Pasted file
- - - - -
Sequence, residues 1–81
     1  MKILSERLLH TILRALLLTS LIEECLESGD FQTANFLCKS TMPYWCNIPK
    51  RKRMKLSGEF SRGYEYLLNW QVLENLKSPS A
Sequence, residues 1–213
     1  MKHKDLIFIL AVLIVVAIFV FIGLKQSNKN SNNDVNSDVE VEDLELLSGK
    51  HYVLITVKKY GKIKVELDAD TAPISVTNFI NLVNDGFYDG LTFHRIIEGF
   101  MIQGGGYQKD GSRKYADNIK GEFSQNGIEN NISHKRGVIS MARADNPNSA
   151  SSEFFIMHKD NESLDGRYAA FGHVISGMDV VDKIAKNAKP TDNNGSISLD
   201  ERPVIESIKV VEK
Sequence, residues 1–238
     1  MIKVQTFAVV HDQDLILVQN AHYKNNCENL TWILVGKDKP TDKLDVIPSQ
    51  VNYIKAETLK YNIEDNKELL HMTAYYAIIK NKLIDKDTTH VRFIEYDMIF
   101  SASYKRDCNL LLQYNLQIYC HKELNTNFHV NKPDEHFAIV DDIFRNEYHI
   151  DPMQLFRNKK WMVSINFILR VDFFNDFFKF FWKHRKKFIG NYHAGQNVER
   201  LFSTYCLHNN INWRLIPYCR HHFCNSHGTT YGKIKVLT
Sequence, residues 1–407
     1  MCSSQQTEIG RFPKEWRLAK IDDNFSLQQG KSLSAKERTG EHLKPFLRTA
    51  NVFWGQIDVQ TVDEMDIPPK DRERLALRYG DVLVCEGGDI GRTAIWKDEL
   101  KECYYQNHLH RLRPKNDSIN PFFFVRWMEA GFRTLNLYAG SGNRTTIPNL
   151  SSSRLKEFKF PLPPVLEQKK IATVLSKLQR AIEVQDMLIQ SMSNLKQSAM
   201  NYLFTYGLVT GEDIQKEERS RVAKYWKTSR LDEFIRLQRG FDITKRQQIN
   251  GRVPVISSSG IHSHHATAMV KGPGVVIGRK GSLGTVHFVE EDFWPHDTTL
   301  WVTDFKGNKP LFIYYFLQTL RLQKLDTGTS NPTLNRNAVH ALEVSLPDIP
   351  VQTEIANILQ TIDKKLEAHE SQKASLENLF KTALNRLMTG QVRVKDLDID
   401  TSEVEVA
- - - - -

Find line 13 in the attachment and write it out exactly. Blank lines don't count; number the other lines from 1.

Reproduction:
   101  SASYKRDCNL LLQYNLQIYC HKELNTNFHV NKPDEHFAIV DDIFRNEYHI